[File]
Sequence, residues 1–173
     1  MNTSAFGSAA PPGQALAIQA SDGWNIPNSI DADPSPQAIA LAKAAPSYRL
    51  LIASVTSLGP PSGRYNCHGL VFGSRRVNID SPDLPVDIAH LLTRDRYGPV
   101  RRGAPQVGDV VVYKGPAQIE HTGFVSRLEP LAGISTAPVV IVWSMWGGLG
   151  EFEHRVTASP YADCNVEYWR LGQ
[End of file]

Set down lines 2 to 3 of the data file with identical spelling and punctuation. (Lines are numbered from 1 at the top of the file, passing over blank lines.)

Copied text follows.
     1  MNTSAFGSAA PPGQALAIQA SDGWNIPNSI DADPSPQAIA LAKAAPSYRL
    51  LIASVTSLGP PSGRYNCHGL VFGSRRVNID SPDLPVDIAH LLTRDRYGPV